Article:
The word ‘bards’ is a general term covering all the pieces of shield and armour intended to protect the horse during battles and fights. There is for instance the stock, to protect the horse’s chest or also the 'neck bard’.
Luxury, open, four-wheel open carriage with two seats facing each other for four people. Only the back seat is protected by a top. It is a town carriage, which may be used for a drive out or for ceremonies.
He is one of the fathers of today’s riding thanks, amongst others, to his constant search for lightness. A Rider from the 19TH century, he became famous in circuses especially. For some time he taught at the Cadre Noir in Saumur. He also remains famous for the intellectual and technical duel which opposed him to the count of Aure, more inclined to trail riding. This dispute was relayed by the authors of the 19th century and widely followed by the intellectuals of those days.
Part of the harness, lever that goes in the horse’s mouth and which contributes to lead the horse through its action on the tongue or the bars.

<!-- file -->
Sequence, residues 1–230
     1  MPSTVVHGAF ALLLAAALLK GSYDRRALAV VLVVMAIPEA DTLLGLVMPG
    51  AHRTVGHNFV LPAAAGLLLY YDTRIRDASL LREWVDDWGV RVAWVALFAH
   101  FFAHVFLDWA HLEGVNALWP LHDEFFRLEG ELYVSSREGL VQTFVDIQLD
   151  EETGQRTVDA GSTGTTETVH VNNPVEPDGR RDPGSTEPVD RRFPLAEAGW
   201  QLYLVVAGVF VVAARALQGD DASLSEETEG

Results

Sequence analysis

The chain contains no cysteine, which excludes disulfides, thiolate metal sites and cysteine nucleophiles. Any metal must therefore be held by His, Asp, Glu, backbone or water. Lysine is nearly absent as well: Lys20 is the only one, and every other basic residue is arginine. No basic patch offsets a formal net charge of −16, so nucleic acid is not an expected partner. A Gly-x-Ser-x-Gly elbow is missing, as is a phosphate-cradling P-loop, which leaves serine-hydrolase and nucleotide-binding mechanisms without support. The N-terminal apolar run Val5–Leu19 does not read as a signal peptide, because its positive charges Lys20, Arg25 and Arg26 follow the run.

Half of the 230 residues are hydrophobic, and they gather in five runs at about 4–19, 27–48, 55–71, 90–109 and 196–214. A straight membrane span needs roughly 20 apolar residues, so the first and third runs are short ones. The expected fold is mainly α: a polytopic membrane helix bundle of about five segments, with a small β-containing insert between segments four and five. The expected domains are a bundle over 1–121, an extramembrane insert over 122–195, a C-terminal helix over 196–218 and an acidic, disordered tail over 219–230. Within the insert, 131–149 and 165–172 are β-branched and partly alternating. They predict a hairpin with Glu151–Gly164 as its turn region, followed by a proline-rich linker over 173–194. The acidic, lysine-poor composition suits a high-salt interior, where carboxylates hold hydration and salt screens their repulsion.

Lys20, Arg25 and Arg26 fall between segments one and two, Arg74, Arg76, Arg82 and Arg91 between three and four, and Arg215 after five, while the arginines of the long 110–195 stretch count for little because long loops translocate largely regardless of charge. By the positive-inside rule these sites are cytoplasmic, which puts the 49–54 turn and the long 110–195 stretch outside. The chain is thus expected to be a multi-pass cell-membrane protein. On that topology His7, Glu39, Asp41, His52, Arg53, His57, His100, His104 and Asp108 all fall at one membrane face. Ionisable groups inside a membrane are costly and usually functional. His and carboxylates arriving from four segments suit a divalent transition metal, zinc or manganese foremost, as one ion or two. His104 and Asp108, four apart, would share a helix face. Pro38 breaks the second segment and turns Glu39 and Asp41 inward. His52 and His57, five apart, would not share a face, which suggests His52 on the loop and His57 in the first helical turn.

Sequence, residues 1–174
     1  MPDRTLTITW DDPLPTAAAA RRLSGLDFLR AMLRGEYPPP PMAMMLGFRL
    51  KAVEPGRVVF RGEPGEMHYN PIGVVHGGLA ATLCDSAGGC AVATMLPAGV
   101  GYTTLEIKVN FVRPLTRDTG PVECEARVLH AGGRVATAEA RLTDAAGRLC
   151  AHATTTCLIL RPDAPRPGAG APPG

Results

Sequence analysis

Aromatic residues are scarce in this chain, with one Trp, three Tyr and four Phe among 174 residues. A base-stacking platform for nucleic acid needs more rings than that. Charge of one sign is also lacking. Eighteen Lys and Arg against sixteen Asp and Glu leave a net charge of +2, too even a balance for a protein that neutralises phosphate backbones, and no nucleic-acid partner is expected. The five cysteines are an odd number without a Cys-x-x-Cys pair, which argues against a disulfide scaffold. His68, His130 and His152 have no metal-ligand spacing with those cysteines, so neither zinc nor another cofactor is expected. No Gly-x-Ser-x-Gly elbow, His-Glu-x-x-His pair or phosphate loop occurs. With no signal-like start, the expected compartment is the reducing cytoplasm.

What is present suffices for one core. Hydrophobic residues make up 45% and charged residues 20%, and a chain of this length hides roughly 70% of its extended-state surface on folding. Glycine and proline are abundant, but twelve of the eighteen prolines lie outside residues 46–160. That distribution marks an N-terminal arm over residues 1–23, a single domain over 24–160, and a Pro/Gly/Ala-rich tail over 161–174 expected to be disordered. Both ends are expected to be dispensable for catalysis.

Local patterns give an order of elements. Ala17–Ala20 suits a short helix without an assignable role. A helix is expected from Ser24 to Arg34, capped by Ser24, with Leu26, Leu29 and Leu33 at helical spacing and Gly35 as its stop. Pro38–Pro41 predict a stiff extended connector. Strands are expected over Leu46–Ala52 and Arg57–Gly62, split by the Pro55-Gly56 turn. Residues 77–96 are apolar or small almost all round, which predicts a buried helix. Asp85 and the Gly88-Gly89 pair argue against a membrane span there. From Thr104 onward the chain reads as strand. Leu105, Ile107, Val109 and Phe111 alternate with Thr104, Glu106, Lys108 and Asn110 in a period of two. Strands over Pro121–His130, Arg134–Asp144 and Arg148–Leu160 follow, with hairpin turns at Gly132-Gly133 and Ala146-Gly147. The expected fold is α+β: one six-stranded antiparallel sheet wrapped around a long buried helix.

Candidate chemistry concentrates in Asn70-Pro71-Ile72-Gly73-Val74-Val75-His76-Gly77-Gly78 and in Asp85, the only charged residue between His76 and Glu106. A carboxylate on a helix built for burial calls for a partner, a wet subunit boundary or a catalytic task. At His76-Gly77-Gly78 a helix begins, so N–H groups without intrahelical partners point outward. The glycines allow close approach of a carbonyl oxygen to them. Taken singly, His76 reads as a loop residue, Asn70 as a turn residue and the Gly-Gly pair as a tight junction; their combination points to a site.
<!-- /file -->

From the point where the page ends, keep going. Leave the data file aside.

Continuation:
Fitted with two longitudinal banks, the ‘tapissière’ may be used to carry passengers.
Open four-wheel carriage whose bodywork encompasses two transversal seats in general. It is a sports carriage, for the country, used for dressage and to give exercise to the horses, for hunting, for a drive.
Making the preparatory dressage of a foal to have it accept the saddle and the rider on its back, to walk in the three gaits, to turn and to stop
Part of the harness which goes down behind the horses legs, on which it leans to brake or make the carriage drive back.
The briska is a travelling barouche, with a flat bottom. It can take two passengers who can stretch their legs and protect them with a leather apron covering the forefront of the bodywork, the chest which is protected behind a small window set beneath the first hoop of the top. The britzka was used most in the second quarter of the 19th century. It was adopted by the administration as a fast light mail-coach from 1839.
Enclosed four-wheeled carriage whose bodywork, cut in the front and just at the doors, only comprises a seat for two. It is a town coach; there are models designed for travelling.